ContractsProf Blog

Editor: Jeremy Telman
Oklahoma City University
School of Law

Tuesday, September 27, 2022

Ben & Jerry's Sues Alleges Breach of Contract by Its Acquirer, Unilever

Today, we return to a topic that I've blogged about before, but with a new twist.  Back in June, I posted here about Arkansas Times, LP v. Waldrip, which was a First Amendment challenge to Arkansas Act 710 (Act 710).  Act 710 requires that contractors seeking to work with the state provide a certification that they will not participate in a boycott of Israel.  The First Amendment came in second in that race, and for once, I, a person who thinks our First Amendment jurisprudence is dumb, think it should have come in first.  At the end of that post, I comment on Act 710 and the similar acts passed by state legislatures across the country:

West BankAct 710, like its counterparts in other states, defines “boycott of Israel” to include any actions "intended to limit commercial relations with Israel, or persons or entities doing business in Israel or in Israeli-controlled territories . . . ” (emphasis added).  The "Israeli-controlled territories" are not Israel.  If they were, then there would be 5.3 million Palestinians entitled to Israeli citizenship.  That ain't happening.  The "Israeli-controlled territories" are occupied territories.  Boycotting the occupation is not a boycott of Israel.  These state acts punish entities not for boycotting Israel but for boycotting the occupation.  There's a huge difference.  Ask Ben & Jerry's, which is subject to divestment actions by Arkansas and other states for its refusal to sell its products in the occupied territories.  But Ben & Jerry's has remained committed to selling its products in Israel.  

The inclusion of the language about the "Israeli-controlled territories" is, in my view, conclusive proof that Act 710 is not an economic measure.  It is a political measure and compelled compliance with the state's political stance on the Israeli occupation violates the First Amendment.  Even if I did not think Act 710 violated the First Amendment, I would still find it preposterous that any U.S. state would blur the lines between support for Israel and support of the occupation.

So, Ben & Jerry's.  This stuff makes me nuts.  I have family in Israel.  My father, who lived in Mevaseret Zion, near Jerusalem, loved Ben & Jerry's, and he always had some in the freezer when I came to visit.  He passed a year and a half ago, but my mother is still there.  I visited in July, and we bought some Ben & Jerry's in the local supermarket.  It would be different if my parents lived in Hebron.  A lot of things would be different if my parents lived in Hebron, because I would never visit them there, and we likely would not be on speaking terms.  We also would not be buying Ben & Jerry's in the occupied territories, but that would be the least of our problems.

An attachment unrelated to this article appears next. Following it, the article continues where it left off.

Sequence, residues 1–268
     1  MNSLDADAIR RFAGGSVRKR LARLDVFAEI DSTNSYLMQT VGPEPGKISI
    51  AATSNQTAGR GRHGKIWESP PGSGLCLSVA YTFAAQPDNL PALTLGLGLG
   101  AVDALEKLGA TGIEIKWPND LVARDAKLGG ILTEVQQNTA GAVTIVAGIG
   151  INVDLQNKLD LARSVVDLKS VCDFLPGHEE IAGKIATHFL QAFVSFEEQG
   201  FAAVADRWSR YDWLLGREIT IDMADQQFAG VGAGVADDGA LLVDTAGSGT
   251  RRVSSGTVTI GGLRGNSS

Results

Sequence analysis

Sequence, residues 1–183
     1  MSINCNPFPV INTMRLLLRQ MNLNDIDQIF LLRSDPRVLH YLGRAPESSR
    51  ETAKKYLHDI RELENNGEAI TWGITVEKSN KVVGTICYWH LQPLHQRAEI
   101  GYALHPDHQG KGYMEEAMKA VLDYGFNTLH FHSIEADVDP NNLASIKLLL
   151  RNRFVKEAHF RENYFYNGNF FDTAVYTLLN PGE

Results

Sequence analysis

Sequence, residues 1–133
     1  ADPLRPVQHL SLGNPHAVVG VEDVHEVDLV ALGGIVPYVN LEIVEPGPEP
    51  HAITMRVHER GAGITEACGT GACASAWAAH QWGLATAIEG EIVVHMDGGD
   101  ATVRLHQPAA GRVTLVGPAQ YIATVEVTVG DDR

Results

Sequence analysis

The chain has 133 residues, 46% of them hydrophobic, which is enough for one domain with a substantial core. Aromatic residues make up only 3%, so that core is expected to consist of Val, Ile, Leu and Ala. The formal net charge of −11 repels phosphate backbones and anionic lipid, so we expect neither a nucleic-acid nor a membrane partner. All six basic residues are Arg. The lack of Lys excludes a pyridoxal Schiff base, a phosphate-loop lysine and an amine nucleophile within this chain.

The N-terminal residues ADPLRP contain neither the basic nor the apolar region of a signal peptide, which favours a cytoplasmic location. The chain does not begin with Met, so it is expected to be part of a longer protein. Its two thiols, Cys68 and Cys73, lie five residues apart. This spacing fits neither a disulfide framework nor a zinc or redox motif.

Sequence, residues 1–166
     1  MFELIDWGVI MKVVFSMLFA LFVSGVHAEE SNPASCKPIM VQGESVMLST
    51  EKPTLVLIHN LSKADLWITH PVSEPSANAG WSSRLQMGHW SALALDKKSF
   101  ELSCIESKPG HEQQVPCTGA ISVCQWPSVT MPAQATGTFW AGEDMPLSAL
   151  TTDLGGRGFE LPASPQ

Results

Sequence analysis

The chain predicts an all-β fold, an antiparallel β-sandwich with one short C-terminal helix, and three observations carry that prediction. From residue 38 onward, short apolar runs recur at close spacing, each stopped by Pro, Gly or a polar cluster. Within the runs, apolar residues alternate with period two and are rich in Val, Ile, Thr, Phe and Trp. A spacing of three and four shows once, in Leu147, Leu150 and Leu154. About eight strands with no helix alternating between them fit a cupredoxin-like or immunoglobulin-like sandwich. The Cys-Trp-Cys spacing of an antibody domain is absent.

In 2000, the real Ben and Jerry sold their company, Ben & Jerry's, to Unilever for $325 million.  At that time, they did not relinquish control over the company's social mission.  Selling their product in the Israeli-occupied territories is inconsistent with that mission,  As reports in The Guardian, Unilever sold the Israeli arm of Ben & Jerry’s to Avi Zinger, the owner of American Quality Products (AQP), which would distribute Ben Jerry's products in the occupied territories.  Ben & Jerry objected and demanded that the deal be unwound.  Zinger sued Unilever, and Unilever settled by selling to Zinger the license to distribute Ben Jerry's ice cream. Zinger apparently intends to distribute Ben & Jerry's in the occupied territories.

Ben and Jerry claim that the sale of a license violates the terms of the 2000 sale and they are suint to have the sale revoked.  Unilever is claiming that it cannot revoke the sale.  A District Court refused Ben and Jerry's motion to preliminarily enjoin the sale.  They are now amending their complaint and will be back in court in November.  Hard to know how their contractual claim should fare.  We'll have to wait to see the complaint and look at the terms of the sale in 2000.  In the meantime though, I hope the judge is aware (because most state legislatures apparently are not) that, under current law, the occupied territories are not a part of the state of Israel.

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